Base Erosion and Anti-Abuse Tax

The Act also provides for a base erosion and anti-abuse tax (“BEAT”), effectively an alternative minimum tax on U.S. companies that transact with foreign related parties. The BEAT is based on modified taxable income, which adds base erosion payments back to taxable income. Base erosion payments are payments to related parties that are taken as deductions (such as royalty payments). Ownership of IP in the United States could potentially reduce the amount of base erosion payments and application of the BEAT.

Higher Effective Rate on GILTI

Taxpayers are quickly realizing that, due to certain cost allocations limiting the use of foreign tax credits, the effective rate on GILTI may be higher, and perhaps substantially higher, than that on FDII. The Treasury Department is aware of this issue and will likely address it so that GILTI is not penalized vis-a-vis FDII. The intent is to have rate parity between FDII and GILTI; not to favor one over the other. But until this anomaly is adequately address, it could result in a “hurt” from intangible income earned outside of the United States instead of within the United States.

U.S. Corporate Tax Rate

I may be stark raving mad, but I do not expect the U.S. corporate tax rate to increase whether Republicans or Democrats control Congress and the White House. I believe there is enough bipartisan consensus that the U.S. corporate tax must not put U.S. companies at a disadvantage to their international competitors. As House Ways and Means Chairman Kevin Brady said at a recent conference, the U.S. system of taxation “will never again fall so far behind.” The United States will certainly need to address its fiscal imbalances but I think it is more likely that increased revenues will come from a consumption-based tax. Of the three principal bases on which to tax: income, consumption, and wealth; much of the world increasingly moves to taxing consumption. The United States might no longer be an outlier. Further, even if the deduction for FDII is successfully challenged as an illegal export subsidy at the World Trade Organization (“WTO”), how likely is it that the deduction on GILTI will not change in step? The intent of the government has been to provide rate parity for FDII and GILTI. If the rate on FDII increases, I would not necessarily expect the rate on GILTI to remain unchanged. Now that we are effectively in a worldwide, full-inclusion (territorial in name only) system of taxation for U.S. multinationals that provides deductions for foreign related intangible income, an unfavorable ruling at the WTO on FDII could also potentially increase the rate on GILTI.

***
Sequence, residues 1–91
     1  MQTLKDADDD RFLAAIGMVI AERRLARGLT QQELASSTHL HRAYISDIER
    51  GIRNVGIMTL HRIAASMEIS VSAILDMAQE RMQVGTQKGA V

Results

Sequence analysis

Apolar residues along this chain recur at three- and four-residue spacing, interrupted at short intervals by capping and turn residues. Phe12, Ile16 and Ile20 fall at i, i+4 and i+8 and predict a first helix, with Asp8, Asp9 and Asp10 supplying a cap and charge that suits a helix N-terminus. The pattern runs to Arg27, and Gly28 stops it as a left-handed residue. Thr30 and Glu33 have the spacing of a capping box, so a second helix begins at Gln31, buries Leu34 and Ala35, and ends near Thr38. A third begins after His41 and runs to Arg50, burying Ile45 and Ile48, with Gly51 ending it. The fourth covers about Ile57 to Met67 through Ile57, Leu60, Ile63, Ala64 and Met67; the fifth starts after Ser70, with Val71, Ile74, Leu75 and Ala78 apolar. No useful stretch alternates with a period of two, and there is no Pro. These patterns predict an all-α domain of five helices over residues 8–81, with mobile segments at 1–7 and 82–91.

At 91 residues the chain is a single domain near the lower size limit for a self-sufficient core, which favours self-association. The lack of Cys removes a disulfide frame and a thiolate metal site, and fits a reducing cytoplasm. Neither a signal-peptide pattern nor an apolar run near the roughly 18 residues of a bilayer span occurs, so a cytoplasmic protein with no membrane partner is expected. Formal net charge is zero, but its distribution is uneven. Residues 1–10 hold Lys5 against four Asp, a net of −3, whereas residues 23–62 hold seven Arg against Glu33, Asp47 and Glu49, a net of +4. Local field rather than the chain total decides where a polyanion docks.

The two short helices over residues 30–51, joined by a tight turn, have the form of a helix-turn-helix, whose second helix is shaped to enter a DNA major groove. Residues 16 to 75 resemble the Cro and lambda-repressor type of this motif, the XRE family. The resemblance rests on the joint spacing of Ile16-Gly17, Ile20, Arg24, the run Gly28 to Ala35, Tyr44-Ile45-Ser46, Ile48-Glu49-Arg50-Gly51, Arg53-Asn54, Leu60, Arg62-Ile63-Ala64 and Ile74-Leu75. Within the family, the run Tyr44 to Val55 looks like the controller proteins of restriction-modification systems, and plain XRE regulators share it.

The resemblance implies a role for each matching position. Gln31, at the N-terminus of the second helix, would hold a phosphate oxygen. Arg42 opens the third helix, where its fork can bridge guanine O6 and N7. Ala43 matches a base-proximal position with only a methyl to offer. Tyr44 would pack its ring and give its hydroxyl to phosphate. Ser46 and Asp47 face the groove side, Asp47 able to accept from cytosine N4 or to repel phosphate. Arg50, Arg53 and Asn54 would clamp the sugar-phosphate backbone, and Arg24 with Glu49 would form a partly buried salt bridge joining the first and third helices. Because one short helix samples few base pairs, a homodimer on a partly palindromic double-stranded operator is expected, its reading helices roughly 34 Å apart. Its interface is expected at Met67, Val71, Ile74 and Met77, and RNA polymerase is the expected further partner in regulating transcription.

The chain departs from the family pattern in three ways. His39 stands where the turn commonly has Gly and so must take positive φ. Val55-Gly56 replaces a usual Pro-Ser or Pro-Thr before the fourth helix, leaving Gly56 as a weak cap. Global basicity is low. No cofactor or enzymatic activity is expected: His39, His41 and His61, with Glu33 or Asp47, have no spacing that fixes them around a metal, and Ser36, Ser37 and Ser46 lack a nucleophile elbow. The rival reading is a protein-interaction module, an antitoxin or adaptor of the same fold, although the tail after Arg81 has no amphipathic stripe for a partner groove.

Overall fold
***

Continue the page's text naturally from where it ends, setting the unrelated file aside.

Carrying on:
Finally, the increase in the rate for FDII and GILTI to 16.4 percent in 2026 was established solely to have the increase in the deficit resulting from the Act not to exceed USD 1.5 trillion over a ten-year period. Perhaps I am being too optimistic but the intent of lawmakers is to extend the 13.125 rate before it increases in 2026.


The Act has created a whole new set of considerations for U.S. multinationals in their ownership and management of intangibles. Many will conclude that their current structures, in which they have invested considerably, remain their best approach for the future. But the benefits for onshoring are considerable and should be weighed carefully. I am responsible for the views expressed herein and they are not necessarily those of my colleagues at Economics Partners, LLC.

By | 2018-02-28T23:16:36+00:00 February 28th, 2018|